My personal goal is to develop a super simple, standard open workflow that anyone can use with an afternoon’s practice to meet the requirements of ‘Open Science’. I find that many people are highly motivated to ‘do Open Science’, but it’s often difficult to find out how. So my solution is to make it easier to get started. I’ve written an R-package that includes an Rstudio project template completely optimized for Open Science, and written a tutorial paper describing the workflow. These can be found at For the next months, anyone who wants to contribute to this project is welcome to join as a coauthor. Many people in our community have expertise that complements mine, and I want to ‘crowdsource’ the writing to make this a really robust tutorial. Aside from that, I’m participating in several conference sessions about Open Science, and in each of these sessions, I want to crowdsource all challenges and solutions of the attendees. The idea is, again, that their contributions are incorporated into new papers to address field-specific Open Science challenges. Everyone who contributes can be a coauthor.

Which challenges do you expect to face in the road ahead?
Within our University, I foresee few challenges. There is so much momentum for Open Science, with several complementing programs: The Open Science platform constitutes a top-down advisory organ, the Open Science program coordinates university-wide actions with regard to Open Access, FAIR data and software, Public Engagement and Rewards and incentives, and the Open Science Community harnesses grass-roots support amongst employees. The more important challenges I think are external. First, there will be a difficult shift away from traditional for-profit publishing towards free open access. The universities are underfunded, and we are losing too much money to publishers while the tools already exist to host free open access journals (like our own Journal of Trial and Error). Secondly, there is a tension between the ideals of open access, and increasing ethical scrutiny on data collection. Universities risk losing the battle for high-quality data to companies with far less ethical scruples. I think the solution is to revise data protection laws. European citizens should own their data, and be able to license it for third-party use. This way, researchers would be able to request, e.g., all social media data and obtain it directly from that individual. Companies would be required to go through the same route. Considering how valuable the industry around data science has become, it is only fair that people should control who accesses their information.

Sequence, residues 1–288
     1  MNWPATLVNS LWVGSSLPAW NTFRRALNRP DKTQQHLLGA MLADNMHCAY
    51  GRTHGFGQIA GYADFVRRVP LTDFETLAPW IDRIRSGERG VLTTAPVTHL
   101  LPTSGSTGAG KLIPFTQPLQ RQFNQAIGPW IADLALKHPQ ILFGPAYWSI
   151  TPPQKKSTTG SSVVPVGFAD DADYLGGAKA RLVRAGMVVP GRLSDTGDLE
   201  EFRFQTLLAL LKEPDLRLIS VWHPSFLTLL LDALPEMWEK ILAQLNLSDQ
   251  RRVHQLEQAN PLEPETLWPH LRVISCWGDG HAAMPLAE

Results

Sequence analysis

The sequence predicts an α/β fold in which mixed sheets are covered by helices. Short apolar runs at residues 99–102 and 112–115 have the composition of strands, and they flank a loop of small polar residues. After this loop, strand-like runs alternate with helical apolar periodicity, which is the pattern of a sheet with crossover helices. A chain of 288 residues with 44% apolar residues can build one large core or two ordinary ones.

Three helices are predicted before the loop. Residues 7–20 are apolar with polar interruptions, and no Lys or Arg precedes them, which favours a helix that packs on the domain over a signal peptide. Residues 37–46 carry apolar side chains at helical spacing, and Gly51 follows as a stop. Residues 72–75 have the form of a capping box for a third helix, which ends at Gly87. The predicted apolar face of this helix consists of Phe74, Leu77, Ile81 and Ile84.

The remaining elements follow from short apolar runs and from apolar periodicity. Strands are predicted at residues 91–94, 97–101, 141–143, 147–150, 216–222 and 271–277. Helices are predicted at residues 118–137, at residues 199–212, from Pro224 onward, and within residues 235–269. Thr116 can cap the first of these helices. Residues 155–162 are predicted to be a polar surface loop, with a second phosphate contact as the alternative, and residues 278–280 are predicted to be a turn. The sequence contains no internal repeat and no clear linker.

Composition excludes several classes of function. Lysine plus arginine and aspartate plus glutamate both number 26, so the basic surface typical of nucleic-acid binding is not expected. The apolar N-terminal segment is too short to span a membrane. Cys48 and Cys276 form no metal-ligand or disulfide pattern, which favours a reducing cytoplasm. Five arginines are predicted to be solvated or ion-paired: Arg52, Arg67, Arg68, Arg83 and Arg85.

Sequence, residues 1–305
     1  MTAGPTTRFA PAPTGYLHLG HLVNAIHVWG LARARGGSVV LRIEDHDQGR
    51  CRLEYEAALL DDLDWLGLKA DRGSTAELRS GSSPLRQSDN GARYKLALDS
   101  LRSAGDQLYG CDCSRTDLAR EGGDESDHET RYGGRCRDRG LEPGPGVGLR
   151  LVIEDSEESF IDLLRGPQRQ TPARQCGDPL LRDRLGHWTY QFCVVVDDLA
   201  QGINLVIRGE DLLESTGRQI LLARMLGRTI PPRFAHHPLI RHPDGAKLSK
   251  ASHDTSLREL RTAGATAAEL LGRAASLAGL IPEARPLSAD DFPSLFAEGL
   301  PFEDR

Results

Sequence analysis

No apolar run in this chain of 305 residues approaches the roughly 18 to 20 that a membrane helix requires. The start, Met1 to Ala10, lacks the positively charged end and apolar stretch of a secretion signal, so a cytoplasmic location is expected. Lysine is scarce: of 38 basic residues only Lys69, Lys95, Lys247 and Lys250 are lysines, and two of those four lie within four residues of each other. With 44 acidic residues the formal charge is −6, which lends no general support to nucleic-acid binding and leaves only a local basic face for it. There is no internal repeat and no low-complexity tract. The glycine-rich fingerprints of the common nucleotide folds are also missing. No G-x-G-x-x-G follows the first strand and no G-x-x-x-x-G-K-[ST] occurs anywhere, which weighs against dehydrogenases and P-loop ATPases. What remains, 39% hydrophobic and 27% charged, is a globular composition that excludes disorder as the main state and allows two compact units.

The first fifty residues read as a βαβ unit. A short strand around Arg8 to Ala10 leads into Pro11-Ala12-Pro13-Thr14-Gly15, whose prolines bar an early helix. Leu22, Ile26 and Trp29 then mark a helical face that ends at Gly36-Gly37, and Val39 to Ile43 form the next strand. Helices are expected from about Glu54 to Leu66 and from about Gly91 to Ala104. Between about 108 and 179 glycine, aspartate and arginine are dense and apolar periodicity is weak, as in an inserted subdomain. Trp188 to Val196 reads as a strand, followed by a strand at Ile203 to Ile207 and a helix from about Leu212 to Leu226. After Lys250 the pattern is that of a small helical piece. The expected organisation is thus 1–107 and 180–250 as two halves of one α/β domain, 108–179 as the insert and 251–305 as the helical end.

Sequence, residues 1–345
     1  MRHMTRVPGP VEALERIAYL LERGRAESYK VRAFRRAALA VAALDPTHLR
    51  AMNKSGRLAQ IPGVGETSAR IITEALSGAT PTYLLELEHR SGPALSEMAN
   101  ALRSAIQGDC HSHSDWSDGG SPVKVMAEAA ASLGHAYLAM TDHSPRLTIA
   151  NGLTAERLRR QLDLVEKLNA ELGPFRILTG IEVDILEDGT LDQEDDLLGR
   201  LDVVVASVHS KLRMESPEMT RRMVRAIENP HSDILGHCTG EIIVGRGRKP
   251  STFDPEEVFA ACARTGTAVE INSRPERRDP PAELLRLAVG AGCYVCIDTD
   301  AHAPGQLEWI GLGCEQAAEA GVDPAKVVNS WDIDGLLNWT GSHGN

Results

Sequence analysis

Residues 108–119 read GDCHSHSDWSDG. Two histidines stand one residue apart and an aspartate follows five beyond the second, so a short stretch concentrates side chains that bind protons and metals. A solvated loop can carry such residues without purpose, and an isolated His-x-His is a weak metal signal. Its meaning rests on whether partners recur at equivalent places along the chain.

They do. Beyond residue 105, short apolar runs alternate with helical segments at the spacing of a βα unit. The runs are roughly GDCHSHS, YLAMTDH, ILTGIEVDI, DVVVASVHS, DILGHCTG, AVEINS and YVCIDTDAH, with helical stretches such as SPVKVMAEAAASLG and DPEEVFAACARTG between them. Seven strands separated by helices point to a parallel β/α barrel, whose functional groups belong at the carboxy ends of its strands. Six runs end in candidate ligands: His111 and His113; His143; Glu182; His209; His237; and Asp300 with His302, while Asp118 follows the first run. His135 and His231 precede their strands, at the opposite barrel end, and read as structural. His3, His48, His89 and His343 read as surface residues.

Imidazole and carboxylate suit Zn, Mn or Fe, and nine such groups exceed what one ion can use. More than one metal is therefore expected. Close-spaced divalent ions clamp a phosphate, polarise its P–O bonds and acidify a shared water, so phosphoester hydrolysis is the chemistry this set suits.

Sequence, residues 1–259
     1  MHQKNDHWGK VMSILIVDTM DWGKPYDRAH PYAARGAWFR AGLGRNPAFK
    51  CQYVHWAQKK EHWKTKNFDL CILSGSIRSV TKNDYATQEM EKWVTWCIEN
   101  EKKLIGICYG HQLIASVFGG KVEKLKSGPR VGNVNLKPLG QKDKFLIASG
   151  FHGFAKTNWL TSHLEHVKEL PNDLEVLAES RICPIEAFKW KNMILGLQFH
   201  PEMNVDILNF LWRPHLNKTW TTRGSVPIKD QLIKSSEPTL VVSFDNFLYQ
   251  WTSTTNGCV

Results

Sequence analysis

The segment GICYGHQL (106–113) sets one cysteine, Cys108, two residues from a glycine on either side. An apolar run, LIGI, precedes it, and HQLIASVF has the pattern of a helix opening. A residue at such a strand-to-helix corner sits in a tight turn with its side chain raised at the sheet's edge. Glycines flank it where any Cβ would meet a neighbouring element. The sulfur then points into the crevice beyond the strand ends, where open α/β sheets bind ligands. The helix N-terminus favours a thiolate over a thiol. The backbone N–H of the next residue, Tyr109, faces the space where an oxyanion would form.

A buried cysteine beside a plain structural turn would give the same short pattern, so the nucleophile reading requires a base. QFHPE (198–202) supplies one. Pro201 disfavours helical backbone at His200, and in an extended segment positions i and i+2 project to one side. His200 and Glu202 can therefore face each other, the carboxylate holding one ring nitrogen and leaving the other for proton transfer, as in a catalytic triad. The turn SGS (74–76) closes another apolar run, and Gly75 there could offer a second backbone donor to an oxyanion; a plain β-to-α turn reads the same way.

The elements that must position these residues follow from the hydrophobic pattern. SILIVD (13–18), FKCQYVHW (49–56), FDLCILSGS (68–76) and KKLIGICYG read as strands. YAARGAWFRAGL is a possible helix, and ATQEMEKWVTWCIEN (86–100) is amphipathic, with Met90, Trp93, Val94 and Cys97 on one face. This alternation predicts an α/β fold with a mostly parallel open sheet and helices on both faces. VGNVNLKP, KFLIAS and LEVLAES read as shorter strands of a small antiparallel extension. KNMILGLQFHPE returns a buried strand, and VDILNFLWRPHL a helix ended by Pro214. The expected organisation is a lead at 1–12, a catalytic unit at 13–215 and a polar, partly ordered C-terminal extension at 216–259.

Thank your for reading this blog entry. If you want to stay updated, do keep an eye on this website, the Open Science Community Utrecht newsletter and follow us on Twitter.